The outer envelope 51 refers to the average outer surface curvature, if all of the voids and protrusions in the outer surface were smoothed over. It is important to note that for this application the electrode surface can actually tolerate a large number of voids without significantly affecting its ability to contain high voltage, provided that the voids are relatively small compared to the overall electrode size. This is due to the tendency of electric fields to smoothly integrate or ‘average’ the overall contour of the electrode.
In an embodiment shown in FIG. 8, the top electrode 50a comprises a number of collapsible conductive sections 52 configured to form an overall toroidal or spherical envelope shape 51 that can readily support high voltage while suppressing premature arc breakout. Each collapsible section 52 comprises a flexible sheet of electrically conductive mesh 53, held into a curved outer shape by a system of interior forms 54 and stiffeners 55. For transport and storage, the conductive mesh sheets 53 can be released, flattened and stacked, providing a highly compact format. It is useful if the conductive sections form an overall envelope shape that provides an outer radius of curvature large enough to support the desired output voltage. The minimum effective radius of curvature for high voltage electrode 50 varies with the desired output voltage and is dependent on many factors, but can be approximated by the relation:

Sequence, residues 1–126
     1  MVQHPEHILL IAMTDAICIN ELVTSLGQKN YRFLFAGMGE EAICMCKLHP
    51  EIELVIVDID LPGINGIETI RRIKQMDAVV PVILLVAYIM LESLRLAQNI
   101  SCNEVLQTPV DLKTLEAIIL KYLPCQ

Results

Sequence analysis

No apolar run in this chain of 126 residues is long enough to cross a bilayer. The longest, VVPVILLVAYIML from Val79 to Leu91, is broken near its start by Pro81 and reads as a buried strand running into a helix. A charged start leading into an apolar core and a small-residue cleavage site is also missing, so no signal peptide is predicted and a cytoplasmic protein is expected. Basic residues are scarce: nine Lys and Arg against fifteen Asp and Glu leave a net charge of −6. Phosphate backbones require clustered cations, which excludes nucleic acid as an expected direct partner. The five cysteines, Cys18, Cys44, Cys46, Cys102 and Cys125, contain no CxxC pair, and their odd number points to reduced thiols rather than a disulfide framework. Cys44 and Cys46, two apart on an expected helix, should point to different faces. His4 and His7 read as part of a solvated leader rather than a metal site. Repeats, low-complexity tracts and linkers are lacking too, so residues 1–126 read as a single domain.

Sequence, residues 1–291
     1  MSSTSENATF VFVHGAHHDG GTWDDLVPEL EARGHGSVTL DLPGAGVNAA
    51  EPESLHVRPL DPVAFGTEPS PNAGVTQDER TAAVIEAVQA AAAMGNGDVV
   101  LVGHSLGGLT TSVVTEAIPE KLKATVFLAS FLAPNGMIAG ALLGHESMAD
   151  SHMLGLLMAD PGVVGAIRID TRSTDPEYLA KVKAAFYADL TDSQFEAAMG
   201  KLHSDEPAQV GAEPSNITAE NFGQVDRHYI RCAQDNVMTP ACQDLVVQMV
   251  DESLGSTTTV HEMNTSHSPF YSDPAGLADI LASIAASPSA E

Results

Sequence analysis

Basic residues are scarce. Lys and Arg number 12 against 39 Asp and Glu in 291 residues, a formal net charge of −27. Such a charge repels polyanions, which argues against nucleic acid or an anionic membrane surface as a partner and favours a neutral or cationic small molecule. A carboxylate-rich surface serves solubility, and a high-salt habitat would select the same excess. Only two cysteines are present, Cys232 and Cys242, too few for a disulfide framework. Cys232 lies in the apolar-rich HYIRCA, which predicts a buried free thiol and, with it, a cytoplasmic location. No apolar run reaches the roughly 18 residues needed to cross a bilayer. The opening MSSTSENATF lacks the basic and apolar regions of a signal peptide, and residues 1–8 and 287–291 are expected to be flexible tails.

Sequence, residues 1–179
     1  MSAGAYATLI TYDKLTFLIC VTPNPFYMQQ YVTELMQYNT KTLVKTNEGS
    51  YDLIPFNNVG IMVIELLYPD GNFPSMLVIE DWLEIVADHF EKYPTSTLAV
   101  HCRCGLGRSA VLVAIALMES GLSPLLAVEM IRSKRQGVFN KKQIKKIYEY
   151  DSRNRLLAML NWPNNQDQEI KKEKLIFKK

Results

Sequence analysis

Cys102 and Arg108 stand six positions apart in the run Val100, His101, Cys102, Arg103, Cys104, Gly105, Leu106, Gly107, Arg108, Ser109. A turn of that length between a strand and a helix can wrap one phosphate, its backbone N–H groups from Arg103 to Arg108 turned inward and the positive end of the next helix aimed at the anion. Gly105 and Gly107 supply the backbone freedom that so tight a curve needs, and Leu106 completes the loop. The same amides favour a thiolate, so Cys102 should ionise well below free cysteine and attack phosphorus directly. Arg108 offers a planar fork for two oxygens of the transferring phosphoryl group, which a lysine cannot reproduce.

Minimum R.O.C.[m]=Voltage/Dielectric Strength of Air
In the above equation, the Dielectric Strength of Air is approximately 1 MV/m.